Junior cornerback Morris Claiborne and third-year sophomore Mike Brockers both announced Thursday that they will enter the 2012 NFL Draft. A source close to junior receiver Rueben Randle said he has also filed paperwork with the league to enter the draft.
Tigers coach Les Miles accompanied Claiborne and Brockers to announce the decision Thursday.
"There are different times for guys to leave our program and the things that both of these men have done is have consistent growth as people and as student-athletes academically," Miles said. "Both men have been very humble in their approach to learning football. It started at a level much less to the level they are at now. They improved and improved and became tremendously competitive. They have put themselves in a position to enter the NFL Draft early at an advantaged position."
Claiborne is projected to be taken in the first 5-10 picks after an All-American season in 2011, in which he registered 51 tackles, a team-high six interceptions and six pass breakups. He also led the nation in interception return yardage with 173.
"It was just time for me," Claiborne said. "I need to go while I'm hot and I'll never be hotter than right now. I've done a lot here at LSU and LSU has done a lot for me to get me to this point. These things don't come around every day when you have these opportunities you have to go for them."
Added Miles, "Mo is expected to be in the top 10 players if not in the top five players selected in the NFL Draft. The opportunity to improve his draft position really doesn't exist."
Claiborne won the Thorpe Award as the nation's top defensive back in 2011 and was voted the SEC Defensive Player of the Year by the league's coaches.
That completed a transformation from a relatively unheralded recruit from Shreveport's Fair Park High, where he played quarterback to a budding star in the NFL.
"I didn't really know the position of cornerback when I got here," Claiborne said. "(Secondary coach Ron Cooper) did a good job of sitting down and putting time in with me to learn the position. It's very hard coming from high when you're used to having the ball in your hand every single down and to make that transition to defense is hard."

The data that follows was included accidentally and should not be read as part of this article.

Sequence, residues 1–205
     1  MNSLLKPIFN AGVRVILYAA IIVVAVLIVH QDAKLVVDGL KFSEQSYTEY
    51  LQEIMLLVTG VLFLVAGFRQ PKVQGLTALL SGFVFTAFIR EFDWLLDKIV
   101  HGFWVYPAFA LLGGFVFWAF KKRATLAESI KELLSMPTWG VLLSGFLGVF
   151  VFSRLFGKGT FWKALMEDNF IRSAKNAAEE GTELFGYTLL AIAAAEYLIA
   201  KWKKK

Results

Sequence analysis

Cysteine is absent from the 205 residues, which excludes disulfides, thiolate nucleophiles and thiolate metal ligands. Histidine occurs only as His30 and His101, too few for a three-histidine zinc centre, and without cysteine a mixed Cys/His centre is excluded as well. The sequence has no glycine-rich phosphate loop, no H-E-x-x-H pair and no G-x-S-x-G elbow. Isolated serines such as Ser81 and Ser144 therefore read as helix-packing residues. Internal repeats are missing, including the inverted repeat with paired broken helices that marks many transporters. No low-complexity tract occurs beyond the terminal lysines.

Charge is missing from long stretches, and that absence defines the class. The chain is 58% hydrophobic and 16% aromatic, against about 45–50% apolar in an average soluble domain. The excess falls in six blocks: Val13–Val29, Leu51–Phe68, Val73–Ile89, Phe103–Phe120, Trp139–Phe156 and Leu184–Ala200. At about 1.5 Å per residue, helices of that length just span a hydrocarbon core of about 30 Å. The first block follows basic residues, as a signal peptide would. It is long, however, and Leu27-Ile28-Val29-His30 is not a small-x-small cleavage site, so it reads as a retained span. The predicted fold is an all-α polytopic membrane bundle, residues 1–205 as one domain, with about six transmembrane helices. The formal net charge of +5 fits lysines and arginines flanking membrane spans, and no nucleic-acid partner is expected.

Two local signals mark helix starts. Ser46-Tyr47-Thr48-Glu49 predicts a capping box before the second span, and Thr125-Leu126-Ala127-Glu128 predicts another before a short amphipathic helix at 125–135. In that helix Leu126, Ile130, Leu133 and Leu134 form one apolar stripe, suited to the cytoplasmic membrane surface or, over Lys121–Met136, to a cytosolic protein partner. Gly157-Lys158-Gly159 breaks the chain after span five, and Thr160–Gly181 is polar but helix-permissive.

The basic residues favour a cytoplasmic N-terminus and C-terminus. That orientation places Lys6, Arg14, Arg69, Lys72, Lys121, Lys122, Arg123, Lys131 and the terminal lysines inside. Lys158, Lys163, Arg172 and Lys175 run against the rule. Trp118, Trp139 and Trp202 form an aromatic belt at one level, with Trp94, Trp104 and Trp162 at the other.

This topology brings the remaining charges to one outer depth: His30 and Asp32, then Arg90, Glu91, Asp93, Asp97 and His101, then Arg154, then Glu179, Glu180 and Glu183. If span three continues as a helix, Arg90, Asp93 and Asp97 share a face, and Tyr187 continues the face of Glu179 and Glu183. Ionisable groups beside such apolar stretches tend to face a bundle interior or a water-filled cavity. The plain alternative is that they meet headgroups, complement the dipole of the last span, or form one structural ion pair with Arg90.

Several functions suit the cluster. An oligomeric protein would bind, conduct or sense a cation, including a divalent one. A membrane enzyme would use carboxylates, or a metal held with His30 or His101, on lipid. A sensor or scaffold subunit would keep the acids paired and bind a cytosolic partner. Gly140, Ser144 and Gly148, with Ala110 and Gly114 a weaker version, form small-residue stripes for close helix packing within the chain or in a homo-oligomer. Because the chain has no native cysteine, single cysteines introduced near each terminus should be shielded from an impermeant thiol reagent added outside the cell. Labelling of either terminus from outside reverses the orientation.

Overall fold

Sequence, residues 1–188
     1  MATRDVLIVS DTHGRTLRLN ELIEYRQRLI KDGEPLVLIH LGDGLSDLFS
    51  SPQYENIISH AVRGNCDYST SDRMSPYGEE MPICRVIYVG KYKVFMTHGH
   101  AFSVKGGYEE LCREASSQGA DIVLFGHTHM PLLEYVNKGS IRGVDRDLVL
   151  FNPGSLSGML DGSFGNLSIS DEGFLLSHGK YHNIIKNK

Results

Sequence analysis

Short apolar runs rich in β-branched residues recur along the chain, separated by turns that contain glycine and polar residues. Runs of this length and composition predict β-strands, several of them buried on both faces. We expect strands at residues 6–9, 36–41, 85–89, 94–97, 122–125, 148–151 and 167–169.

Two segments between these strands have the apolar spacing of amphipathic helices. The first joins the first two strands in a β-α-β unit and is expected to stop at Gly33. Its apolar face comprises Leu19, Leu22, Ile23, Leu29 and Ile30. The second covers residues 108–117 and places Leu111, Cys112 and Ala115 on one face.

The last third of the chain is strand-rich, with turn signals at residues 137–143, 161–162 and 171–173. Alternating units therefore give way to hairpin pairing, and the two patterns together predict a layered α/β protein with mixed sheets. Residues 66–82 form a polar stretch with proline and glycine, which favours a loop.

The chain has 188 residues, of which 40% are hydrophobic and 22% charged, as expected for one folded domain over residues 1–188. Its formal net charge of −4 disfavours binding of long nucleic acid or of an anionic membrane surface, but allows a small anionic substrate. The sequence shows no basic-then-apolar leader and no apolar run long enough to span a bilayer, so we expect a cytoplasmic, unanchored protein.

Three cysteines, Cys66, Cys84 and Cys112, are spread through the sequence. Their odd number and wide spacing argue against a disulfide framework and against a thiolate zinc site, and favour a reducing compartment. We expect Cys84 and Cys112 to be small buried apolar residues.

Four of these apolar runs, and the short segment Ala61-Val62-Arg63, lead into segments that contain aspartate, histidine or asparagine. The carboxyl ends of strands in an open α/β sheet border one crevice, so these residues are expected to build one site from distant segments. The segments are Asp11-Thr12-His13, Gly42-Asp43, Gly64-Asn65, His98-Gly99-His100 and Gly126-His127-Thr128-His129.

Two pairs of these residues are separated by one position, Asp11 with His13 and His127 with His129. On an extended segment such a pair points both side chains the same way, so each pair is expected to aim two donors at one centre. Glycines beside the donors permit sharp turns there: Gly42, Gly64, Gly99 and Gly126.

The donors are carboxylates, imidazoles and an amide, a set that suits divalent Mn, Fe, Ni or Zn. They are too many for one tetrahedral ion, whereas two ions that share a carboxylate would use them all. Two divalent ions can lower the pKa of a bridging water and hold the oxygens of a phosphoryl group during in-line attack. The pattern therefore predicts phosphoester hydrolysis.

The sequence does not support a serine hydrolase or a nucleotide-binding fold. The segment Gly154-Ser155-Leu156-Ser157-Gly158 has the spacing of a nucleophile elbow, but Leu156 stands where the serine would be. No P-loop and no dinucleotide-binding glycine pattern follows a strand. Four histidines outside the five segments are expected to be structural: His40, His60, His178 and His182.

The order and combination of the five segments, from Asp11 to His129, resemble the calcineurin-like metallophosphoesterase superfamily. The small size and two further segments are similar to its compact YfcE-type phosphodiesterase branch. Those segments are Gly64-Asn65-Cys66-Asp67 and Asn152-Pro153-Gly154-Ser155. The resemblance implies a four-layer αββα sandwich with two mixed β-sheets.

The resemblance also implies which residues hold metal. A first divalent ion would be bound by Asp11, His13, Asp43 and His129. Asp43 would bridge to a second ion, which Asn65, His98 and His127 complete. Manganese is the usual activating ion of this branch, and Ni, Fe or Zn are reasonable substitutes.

That transition is still a work in progress, Claiborne said.
The feedback he got from NFL sources was that he's ready now, in large part because of his knack for going up and attacking the ball when it's in the air.
But Claiborne also knows he has areas to polish.
"I want to get faster and I want to make my technique as sharp as it can be," he said. "I'm ready to work as hard as I need to."
Brockers is eligible for the draft as a sophomore because of a redshirt season in 2009. He a second-team All-SEC selection this season after totaling 54 tackles, 10 tackles for a loss, two sacks and four quarterback hurries.
While the decision by Claiborne was widely expected given his draft stock throughout the 2011 season, the news from Brockers came as a surprise to some – and gave Miles a reason to attempt to convince only one of the two Tigers to return for more college football.
"I think Michael Brockers has the potential to improve his overall draft position (by coming back), but is making, in my opinion, a decision that allows him to fulfill an obligation to his family," Miles said.
Brockers said he didn't begin discussing details with his family about turning pro until after Monday's loss, but that his time spent in Baton Rouge was one that he was satisfied with after three seasons.
"I was focused on winning the national championship," he said. "We came up short, but there is no reason to hang your head down. We were 13-0 in the regular season, got the SEC Championship, we beat the national champions once and we had an amazing season all the way around.
"I want to thank everyone at LSU and everyone who has helped me. It has been an amazing season and my time at LSU has been great. I will be a Tiger for life."
Brockers and Claiborne were part of a 2009 class that included five-star prospects such as Randle, Michael Ford, Craig Loston, and Russell Shepard. A Standout at Houston Chavez, Brockers arrived in Baton Rouge as 250-pound defensive end and leaves three years later as a 306-pound defensive tackle.
"In the middle of my freshman season I switched (positions) and put on some weight and transformed by body," Brockers said. "And most of my switch at LSU was about being a tackle in the SEC. Coming from defensive end and still being able to have my speed and be quick, that was more for the NFL."
Brockers said he has heard mixed reports on the exact spot he will fall in the draft, but he has been told to expect to be taken in the first two rounds.
"Late first or early second round," Brockers said of his grade. "You hear first (round), and you hear the beginning of the second (round). I don't know where it's locked in at."
Brockers, who said he had numerous discussions with defensive line coach Brick Haley, a former NFL defensive line coach, feels as if versatility will make him a priority for teams – regardless of the defensive scheme – early in the draft.
"I am versatile as a big guy, I can move," Brockers said. "I can play 3-4 or 4-3. It doesn't matter. You can put me there and I think I can be pretty good if I learn the techniques.
"The NFL is a fast game. I feel like that is going to be the biggest part about it. You just have to learn how to play in the NFL."
Randle was LSU's leading receiver this season with 53 catches for 917 yards and 8 receiving TDs. He has 97 career catches for 1,634 yards and 13 scores.
The only other player who has indicated he is considering a departure is receiver Russell Shepard, who has tweeted several times references to moving on.